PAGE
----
In my 15 years working at the Library of Congress – my previous stop before AARP – one particular date stands out: Sept. 8, 2001. That was the day of the inaugural Library of Congress National Book Festival.
Is it fair to separate "commercial" novels from "literary" ones? If anyone can answer that question it's 10-book author Meredith Maran, whose new anthology Why We Write features essays by everyone from Sue Grafton and David Baldacci to Ann Patchett and Walter Mosley. "I chose the authors to include as if they were wines being paired," Maran told me. "If you like Jennifer Egan [ A Visit from the Goon Squad], for example, you might also like to read Jodi Picoult."
Is the book experience displacing the book review? Someone wondered that recently on Twitter, and it got me thinking about the differences between reading an author on the page and hearing his or her words in person.
Back in the 1980s, I moved to California to work at the Orange County Register , where, at the time, the real estate beat was covered by a woman named Jane Glenn Haas. I never knew her very well, but she seemed like one of those old-fashioned newspaper reporters, the ones who'd been cultivating sources for so long that she could dig up more insights by thumbing her Rolodex than I probably could from Google today. On one of my first shifts she was kind enough to give me a few pointers about California architecture for a story about a new housing development, which saved me from looking like an East Coast rube.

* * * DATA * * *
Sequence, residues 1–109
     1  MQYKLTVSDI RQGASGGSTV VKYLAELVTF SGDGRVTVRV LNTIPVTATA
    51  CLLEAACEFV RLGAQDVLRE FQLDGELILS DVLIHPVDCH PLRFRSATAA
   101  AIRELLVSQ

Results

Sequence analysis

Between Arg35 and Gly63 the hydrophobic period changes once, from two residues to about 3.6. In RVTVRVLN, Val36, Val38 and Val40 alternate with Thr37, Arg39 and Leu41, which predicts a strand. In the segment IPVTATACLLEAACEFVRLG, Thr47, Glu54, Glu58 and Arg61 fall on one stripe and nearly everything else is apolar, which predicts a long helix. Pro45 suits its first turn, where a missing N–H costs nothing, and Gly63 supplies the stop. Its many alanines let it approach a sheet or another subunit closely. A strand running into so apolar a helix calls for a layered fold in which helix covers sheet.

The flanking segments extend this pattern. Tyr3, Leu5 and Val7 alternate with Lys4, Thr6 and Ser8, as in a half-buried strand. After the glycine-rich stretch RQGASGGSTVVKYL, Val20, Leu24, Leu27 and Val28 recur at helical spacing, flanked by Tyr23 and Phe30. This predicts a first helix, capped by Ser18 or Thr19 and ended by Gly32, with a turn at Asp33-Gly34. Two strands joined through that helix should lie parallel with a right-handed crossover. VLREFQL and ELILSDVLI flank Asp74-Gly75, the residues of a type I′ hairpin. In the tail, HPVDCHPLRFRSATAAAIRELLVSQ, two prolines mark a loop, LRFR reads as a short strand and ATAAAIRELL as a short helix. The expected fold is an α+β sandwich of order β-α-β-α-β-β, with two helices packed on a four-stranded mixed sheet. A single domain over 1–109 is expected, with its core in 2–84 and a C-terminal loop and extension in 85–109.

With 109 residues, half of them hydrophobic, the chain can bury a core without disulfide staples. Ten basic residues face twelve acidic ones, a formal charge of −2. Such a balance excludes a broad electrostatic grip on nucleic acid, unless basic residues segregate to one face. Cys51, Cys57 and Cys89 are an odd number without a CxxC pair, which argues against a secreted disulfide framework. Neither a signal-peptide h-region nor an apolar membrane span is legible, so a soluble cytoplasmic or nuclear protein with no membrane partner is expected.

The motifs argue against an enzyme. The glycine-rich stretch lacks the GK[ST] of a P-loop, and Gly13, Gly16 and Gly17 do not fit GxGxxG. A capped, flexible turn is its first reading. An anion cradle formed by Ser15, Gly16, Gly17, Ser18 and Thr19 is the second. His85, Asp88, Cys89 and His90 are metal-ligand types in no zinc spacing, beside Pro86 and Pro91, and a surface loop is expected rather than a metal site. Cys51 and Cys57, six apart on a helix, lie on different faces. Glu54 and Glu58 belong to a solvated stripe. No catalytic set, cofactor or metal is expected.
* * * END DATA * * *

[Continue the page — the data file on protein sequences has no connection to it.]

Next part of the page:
Jacques Barzun was one of the great thinkers of the past century - a scholar who, in a remarkable eight-decades-long career, wrote dozens of books and analyzed subjects ranging from classical music to detective fiction, and from Jonathan Swift to baseball.
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